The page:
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Please note that Mommsen uses the AUC chronology (Ab Urbe Condita), i.e. from the founding of the City of Rome. You can use this reference table to have the B.C. dates


V. The Establishment of the Military Monarchy

From: The History of Rome, by Theodor Mommsen
Translated with the sanction of the author by William Purdie Dickson

The History of Old Rome

Chapter I - Marcus Lepidus and Quintus Sertorius


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Page 48

Indefinite and Perilous Character of the Sertorian War

For five years the Sertorian war thus continued, and still there seemed no prospect of its termination. The state suffered from it beyond description. The flower of the Italian youth perished amid the exhausting fatigues of these campaigns. The public treasury was not only deprived of the Spanish revenues, but had annually to send to Spain for the pay and maintenance of the Spanish armies very considerable sums, which the government hardly knew how to raise. Spain was devastated and impoverished, and the Roman civilization, which unfolded so fair a promise there, received a severe shock; as was naturally to be expected in the case ofan insurrectionary war waged with so much bitterness, and but too often occasioning the destruction of whole communities.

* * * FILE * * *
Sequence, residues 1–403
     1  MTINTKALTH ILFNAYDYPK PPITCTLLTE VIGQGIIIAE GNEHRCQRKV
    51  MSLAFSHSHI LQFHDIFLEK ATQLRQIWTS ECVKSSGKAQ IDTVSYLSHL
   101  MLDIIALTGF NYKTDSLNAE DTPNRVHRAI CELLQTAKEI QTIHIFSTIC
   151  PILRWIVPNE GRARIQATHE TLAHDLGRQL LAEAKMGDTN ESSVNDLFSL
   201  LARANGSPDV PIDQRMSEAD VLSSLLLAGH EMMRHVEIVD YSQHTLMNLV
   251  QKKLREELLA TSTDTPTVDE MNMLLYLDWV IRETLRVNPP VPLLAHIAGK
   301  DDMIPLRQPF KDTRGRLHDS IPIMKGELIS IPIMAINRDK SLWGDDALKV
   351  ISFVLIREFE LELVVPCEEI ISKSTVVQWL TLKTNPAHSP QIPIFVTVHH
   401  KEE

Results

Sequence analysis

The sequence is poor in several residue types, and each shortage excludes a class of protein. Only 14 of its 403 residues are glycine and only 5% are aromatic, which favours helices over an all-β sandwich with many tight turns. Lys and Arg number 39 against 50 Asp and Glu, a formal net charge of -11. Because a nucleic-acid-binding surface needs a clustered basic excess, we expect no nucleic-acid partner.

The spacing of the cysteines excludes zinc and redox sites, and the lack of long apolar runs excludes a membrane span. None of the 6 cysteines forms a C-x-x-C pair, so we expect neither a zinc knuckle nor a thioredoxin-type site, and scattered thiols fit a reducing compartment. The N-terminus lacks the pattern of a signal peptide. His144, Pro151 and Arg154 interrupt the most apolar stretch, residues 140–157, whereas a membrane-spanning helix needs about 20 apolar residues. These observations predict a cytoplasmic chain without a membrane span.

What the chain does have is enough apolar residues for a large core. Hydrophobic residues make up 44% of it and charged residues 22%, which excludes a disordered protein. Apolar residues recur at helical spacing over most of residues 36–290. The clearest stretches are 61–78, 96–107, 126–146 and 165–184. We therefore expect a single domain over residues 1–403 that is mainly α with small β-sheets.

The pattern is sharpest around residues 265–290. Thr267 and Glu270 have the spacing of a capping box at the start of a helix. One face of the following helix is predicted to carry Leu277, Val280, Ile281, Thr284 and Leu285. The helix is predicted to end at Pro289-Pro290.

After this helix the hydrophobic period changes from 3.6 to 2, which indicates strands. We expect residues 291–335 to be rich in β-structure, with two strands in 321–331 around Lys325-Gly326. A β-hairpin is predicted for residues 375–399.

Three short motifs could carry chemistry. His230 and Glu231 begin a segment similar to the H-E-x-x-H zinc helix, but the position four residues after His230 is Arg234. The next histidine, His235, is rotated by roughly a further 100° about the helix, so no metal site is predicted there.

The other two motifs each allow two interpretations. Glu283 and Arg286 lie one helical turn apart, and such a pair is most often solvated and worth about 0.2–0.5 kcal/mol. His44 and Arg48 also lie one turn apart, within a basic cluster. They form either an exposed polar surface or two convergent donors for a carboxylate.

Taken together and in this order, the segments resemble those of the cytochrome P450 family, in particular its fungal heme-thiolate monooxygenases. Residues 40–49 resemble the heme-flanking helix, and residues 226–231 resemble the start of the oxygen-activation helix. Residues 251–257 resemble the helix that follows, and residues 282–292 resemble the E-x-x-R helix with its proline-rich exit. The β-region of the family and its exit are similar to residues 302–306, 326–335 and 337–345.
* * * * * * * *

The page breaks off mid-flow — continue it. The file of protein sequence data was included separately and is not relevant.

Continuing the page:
Even the towns which adhered to the dominant party in Rome had countless hardships to endure; those situated on the coast had to be provided with necessaries by the Roman fleet, and the situation of the faithful communities in the interior was almost desperate. Gaul suffered hardly less, partly from the requisitions for contingents of infantry and cavalry, for grain and money, partly from the oppressive burden of the winter-quarters, which rose to an intolerable degree in consequence of the bad harvest of 680; almost all the local treasuries were compelled to betake themselves to the Roman bankers, and to burden themselves with a crushing load of debt. Generals and soldiers carried on the war with reluctance.

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